LONDON, UK – Sonnedix, an independent solar power producer, has achieved international recognition for its approach to assessing conflict minerals use by panel manufacturers in its procurement evaluations. The company has been featured in a new guide published by the UN Principles for Responsible Investing (UNPRI) which aims to help investors to improve the risk profile of their portfolios and maximise their return by promoting effective management of Environmental, Social and Governance (ESG) risks in the supply chains of their portfolio companies.
The guide, Managing ESG risk in the supply chain of private companies and assets, provides initial steps investors can take to assess and manage supply chain risk; sets out questions for investors to ask investee companies before and after investment; and includes case studies of existing practice, including Sonnedix.
As a solar power producer, photovoltaic modules are a critical component of Sonnedix’s business. Evaluating how and to what degree conflict minerals (specifically tantalum, tin, gold and tungsten) are present in the company’s supply chain and how this should be considered and addressed was a priority area of focus. Both Sonnedix and its owners, institutional investors advised by J.P. Morgan Asset Management (JPMAM), recognised that responsible mineral sourcing can help avoid both human rights abuses as well as the contribution to conflict fuelled by the extraction and trade of minerals.
Andreas Mustad, CEO, Sonnedix, said:
“Building a sustainable business with a long-term focus on positively impacting the environment and the communities in which we operate is a critical component of our strategy and we believe that focus is strongly linked to the group’s success. To have our approach to addressing conflict minerals in the supply chain highlighted by the UN Principles for Responsible Investment is testament to our focus on sustainable and ethical business practices, the forward thinking commitment of our investors, our team and our business partners. While we are proud of this achievement, we will always strive to remain at the forefront of best practices for our industry.”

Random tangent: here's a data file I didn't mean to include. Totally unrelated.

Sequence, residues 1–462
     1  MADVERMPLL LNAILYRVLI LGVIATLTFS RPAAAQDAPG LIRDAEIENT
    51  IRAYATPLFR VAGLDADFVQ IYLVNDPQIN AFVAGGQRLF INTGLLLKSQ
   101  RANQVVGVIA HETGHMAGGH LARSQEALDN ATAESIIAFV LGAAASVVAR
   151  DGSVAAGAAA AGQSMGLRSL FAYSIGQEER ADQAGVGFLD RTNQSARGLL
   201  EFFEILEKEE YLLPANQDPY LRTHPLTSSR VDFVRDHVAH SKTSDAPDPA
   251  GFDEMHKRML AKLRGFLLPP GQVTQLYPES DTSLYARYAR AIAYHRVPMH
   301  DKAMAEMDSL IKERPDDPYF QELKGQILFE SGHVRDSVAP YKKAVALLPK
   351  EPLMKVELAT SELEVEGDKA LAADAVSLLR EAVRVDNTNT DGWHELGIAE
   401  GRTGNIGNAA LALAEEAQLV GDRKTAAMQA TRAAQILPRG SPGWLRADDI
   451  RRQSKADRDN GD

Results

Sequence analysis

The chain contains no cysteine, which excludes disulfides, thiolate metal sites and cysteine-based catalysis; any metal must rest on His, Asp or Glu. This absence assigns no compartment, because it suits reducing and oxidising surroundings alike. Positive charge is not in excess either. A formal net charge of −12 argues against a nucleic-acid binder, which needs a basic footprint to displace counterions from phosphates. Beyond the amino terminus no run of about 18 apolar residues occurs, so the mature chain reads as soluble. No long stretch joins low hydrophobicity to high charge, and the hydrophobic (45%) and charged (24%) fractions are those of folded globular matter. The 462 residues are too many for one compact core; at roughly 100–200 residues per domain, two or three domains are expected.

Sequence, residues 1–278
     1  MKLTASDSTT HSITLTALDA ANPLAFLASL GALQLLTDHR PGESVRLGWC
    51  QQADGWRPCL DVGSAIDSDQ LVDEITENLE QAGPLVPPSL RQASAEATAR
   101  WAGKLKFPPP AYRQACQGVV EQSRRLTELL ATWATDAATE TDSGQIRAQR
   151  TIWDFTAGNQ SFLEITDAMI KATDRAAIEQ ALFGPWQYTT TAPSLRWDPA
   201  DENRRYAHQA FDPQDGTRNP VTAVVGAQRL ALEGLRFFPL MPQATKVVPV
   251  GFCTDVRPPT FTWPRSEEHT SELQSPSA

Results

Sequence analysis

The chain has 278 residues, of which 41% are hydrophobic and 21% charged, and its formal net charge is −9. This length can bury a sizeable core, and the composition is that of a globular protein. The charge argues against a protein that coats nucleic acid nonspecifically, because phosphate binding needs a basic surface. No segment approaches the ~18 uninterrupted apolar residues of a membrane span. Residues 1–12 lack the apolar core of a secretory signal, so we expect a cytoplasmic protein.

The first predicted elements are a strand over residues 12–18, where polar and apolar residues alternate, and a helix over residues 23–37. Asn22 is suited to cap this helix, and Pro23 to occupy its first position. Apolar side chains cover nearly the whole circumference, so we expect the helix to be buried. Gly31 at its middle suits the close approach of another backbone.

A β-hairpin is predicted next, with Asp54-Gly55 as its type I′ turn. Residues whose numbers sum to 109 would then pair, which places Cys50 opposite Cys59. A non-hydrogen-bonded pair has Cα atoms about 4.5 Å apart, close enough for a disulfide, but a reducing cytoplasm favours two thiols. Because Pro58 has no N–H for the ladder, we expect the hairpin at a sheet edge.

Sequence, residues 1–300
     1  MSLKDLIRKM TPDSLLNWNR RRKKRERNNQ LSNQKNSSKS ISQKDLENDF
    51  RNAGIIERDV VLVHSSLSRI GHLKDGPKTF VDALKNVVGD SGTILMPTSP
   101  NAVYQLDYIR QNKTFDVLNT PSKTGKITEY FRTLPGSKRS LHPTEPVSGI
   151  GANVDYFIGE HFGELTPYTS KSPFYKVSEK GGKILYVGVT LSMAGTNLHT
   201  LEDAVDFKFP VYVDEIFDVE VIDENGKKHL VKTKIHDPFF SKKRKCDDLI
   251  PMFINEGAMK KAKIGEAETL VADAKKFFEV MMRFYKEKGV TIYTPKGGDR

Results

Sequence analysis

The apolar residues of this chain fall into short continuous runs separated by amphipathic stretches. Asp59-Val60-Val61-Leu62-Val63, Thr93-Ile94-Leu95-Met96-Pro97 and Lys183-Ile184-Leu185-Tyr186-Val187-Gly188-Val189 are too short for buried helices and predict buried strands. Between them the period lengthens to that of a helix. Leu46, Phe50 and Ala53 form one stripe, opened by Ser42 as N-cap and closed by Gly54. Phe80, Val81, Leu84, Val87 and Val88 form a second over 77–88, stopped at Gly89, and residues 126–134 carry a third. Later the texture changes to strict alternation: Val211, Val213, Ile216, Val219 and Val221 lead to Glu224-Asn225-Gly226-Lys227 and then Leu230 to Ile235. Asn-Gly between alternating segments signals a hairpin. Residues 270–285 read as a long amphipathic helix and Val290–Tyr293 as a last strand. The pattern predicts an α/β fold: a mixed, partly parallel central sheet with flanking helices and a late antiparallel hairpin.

Fiona Reynolds, managing director, PRI said:
“Failing to consider ESG risks in the supply chain can result in reputational damage, examples of which we’ve seen time and again. The business case for effective management of ESG risk, including in the supply chain, is clear; the only way to guarantee peace of mind on sufficient management of risk to company value is to address the topic with investee companies.”
Sonnedix Power Holdings Limited (together with its subsidiaries, Sonnedix) is an Independent Solar Power Producer (IPP) with a proven track record in delivering high performance cost competitive solar photovoltaic plants to the market. Sonnedix develops, builds, owns and operates solar power plants globally, including over 600 MW of photovoltaic power plants in operation, as well as several hundred MW under development, in Italy, France, Spain, USA/Puerto Rico, Chile, South Africa and Japan.
For more information, please visit www.sonnedix.com
About The Principles for Responsible Investment (PRI)
The PRI works with its international network of signatories to put the six Principles for Responsible Investment into practice. Its goals are to understand the investment implications of environmental, social and governance (ESG) issues and to support signatories in integrating these issues into investment and ownership decisions. The PRI acts in the long-term interests of its signatories, of the financial markets and economies in which they operate and ultimately of the environment and society as a whole.
The PRI is an investor initiative in partnership with United Nations Environment Programme Finance Initiative and the UN Global Compact.
For more information, please visit www.unpri.org
For the guide, Managing ESG Risk in the supply chains of private companies and assets, please visit www.unpri.org/press-releases/pri-launches-guide-to-address-esg-risk-in-the-supply-chain-for-private-markets-investors